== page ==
By Osei Boateng & Baffour Ankomah

New African Oct. 1999

From the Horn, through the East and to Southern Africa, the 'M' rules. Osei Boateng takes us through the roll call.

After the Peter Duesbergs, Phillipe Krynens, and Neville Hodgkinsons, it is the turn of Baffour Ankomah and New African. The AIDS establishment, rattled by Baffour and New African's contribution over the years to the AIDS debate, is on the war path. And any foul means is fair game. On Friday 13 August, newspaper readers across the US woke up to find on their front pages a story deliberately written to demonise Baffour and New African. Written by Neely Tucker, the story was filed for the 32 titles under the Knight Ridder Newspapers group. Many of the titles run the story which was full of plain lies, half truths, fact-twisting and insincere paraphrasing. We publish below Baffour's response sent to the San Diego Union Tribune, and a 1992 gem published by The Houston Post (see page 32). Dear readers, the battle is joined.

You've picked on the wrong horse

Baffour's reponse...

My attention has just been drawn to Neely Tucker's article in your issue of 13 August in which he deliberately sets out to demonise me and the magazine I work for. Neely's work, (full of blatant lies, half truths and fact-twisting) does bring shame to our profession, to say the least. No wonder some people say: "Never trust a journalist". Which is sad.

In fact I am astounded that a "journalist" who claims to have read so much of my stuff on AIDS in the past, could write such drivel about me and pass it round as the gospel truth.

In the first place, Neely crudely exposes his recklessness with facts when he describes me as the "publisher" of New African. He surely knows the difference between a publisher and an editor. I am only the editor of New African, not the publisher. I gave him backcopies of New African, going back to even 1986, about the work we've published on AIDS. Even if he didn't know my official position at New African, he could have just flipped the front cover of the latest issue - it's all there on our masthead - the publisher and the editor are two different persons. If he can get that wrong, can we trust him with anything more?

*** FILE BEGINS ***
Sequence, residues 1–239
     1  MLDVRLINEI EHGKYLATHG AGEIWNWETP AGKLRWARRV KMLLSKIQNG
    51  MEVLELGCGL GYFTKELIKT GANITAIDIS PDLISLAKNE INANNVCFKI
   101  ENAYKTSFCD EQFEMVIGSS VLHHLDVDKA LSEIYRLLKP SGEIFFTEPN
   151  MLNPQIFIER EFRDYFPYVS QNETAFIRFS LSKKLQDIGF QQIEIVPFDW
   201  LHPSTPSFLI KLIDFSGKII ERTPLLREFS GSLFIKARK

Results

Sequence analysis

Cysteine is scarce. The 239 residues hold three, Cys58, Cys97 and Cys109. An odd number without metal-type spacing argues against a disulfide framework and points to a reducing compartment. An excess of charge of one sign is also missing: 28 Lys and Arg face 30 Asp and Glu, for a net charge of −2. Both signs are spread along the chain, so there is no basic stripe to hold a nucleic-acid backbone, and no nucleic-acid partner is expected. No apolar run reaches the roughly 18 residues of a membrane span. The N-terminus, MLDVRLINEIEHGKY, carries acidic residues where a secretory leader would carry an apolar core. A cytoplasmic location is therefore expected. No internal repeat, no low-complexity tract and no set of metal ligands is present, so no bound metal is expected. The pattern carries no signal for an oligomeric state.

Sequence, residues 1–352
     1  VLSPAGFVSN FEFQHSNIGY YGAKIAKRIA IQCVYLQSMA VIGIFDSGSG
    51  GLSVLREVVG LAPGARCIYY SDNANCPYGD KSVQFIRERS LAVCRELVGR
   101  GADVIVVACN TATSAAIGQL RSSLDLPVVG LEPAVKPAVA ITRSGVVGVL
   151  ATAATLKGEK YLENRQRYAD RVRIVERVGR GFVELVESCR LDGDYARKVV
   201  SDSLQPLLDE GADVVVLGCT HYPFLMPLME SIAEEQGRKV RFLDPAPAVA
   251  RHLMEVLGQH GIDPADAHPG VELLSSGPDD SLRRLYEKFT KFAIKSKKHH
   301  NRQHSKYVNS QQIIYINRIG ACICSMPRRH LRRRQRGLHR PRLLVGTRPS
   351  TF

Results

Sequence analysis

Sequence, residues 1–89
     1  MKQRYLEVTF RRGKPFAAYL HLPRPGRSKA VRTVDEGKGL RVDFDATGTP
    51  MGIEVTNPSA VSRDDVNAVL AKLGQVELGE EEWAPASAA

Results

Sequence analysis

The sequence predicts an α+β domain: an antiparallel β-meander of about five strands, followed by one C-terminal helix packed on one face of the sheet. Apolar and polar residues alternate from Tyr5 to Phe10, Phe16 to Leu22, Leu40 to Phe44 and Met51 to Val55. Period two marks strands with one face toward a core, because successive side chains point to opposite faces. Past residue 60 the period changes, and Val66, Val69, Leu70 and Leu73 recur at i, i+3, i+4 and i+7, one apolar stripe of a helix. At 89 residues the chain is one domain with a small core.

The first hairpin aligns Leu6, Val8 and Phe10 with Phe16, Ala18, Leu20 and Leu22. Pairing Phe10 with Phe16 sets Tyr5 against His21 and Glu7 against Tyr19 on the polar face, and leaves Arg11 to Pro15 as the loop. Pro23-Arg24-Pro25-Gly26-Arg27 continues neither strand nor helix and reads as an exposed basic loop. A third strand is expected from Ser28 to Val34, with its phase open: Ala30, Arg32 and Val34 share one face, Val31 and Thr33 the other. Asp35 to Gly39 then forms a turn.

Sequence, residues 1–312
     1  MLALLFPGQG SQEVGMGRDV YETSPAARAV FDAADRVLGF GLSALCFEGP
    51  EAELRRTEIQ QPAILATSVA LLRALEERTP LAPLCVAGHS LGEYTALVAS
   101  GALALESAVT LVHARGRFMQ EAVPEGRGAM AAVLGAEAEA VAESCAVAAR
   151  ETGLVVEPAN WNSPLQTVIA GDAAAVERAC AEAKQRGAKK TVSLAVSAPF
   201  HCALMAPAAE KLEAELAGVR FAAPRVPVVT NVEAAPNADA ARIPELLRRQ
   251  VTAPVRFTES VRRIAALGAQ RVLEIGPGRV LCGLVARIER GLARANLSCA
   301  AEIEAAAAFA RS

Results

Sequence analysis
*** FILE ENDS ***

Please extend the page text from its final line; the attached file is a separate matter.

Anyway, let me tell your readers what actually happened.

Neely Tucker who says he lives in Zimbabwe, first e-mailed me when I was on holiday in late July, saying he had read my pieces on AIDS in the past, he was doing a piece himself on how Africans see AIDS, and so wanted to interview me.

His secretary followed up with a phone call while I was still away. When I came back, Neely himself phoned and said he was passing through London and had only a day to spare, could I see him? I said fine, come in. So he came in and we spent the whole afternoon (at least for three hours or so) talking about AIDS and Africa, and how I see it. A week later, he sent in a photographer (who also works for Newsweek) to do some portraits of me in the office.

Thank God, we have an open plan office, and during the interview, some of my colleagues listened in to it. I showed them Neely's story today, and they all shook their heads. "That's not what you said", they chorused.

I will pick on a few of his points here:

- I never said AIDS doesn't exist. Neely asked a question about that. And I said (and these are the exact words I used and I challenge Neely to publish the full tape he made of the interveiw). "Some people say AIDS doesn't exist. But I have not studied the subject to that level, and do not have the medical background to say AIDS doesn't exist."

- Yes, I repeated what I have been writing for years that the "millions of Africans dying of AIDS" is an exaggeration by the AIDS establishment.

- Yes, we talked about the conspiracy theories. I mentioned Boyd E. Greaves' recent court case in Ohio against the US government about the "man-made" origin of AIDS.

- Neely asked specifically about my own opinion about the conspiracy theories. I said, "though we can't say for sure that HIV was man-made because we don't as yet have the hard evidence to prove it, but looking at the circumstantial evidence, it appears like a US biological weapon programme gone wrong.